Change in the level of residential construction affects macroeconomic conditions and is an important determinant of movements in house prices. Theory teaches us that increases in the cost of construction should reduce the supply of new housing. Yet empirical research has failed to find a consistent relationship between these costs and housing starts. This article introduces an entirely new set of micro-data on housing construction costs to study this issue. We develop quality-controlled, hedonic construction cost series from these data. Using this series, we estimate housing supply and construction cost functions for new single-family residences. This research demonstrates that bias in the commercial cost indexes used in existing housing supply studies is a likely cause of their poor performance in existing estimates of the supply of new single-family housing. The bias appears to be caused by an incorrect measure of labor costs and a failure to address the endogeneity of construction costs and construction activity. In contrast, starts regressions using the hedonic cost series generate much more sensible results. We find that housing starts are quite cost elastic; construction costs are endogenous in the new housing supply function, and the cost shares of material and labor in the structure of new residences are approximately 65 and 35%, respectively.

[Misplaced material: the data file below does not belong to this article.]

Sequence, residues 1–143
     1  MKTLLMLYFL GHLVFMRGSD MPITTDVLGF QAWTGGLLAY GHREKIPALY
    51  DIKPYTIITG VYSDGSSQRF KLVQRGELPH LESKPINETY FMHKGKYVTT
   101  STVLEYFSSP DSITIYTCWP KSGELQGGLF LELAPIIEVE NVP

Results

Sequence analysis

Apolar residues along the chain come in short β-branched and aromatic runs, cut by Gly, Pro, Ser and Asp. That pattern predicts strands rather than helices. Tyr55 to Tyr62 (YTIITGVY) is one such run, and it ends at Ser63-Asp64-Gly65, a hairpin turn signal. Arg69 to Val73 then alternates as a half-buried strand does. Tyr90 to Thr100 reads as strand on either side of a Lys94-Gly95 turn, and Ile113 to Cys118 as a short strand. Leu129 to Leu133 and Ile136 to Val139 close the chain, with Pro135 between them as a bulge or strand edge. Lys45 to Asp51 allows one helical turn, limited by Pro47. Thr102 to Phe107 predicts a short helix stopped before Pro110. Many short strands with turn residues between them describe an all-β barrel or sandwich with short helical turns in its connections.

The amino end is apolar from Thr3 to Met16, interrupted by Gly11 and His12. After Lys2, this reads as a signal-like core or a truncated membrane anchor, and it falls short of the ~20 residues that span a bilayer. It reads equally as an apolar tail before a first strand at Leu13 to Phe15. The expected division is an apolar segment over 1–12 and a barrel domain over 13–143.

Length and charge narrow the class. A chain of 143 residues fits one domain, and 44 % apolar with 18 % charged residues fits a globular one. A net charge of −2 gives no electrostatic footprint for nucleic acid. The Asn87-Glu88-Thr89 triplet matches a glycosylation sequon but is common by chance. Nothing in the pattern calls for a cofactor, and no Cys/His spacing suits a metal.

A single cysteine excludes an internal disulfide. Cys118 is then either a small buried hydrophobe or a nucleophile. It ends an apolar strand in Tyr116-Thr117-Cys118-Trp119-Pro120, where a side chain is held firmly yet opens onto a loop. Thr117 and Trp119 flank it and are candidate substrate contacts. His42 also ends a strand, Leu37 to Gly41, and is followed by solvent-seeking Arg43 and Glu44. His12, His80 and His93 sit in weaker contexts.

The Journal of Real Estate Finance and Economics – Springer Journals
Published: Sep 30, 2004
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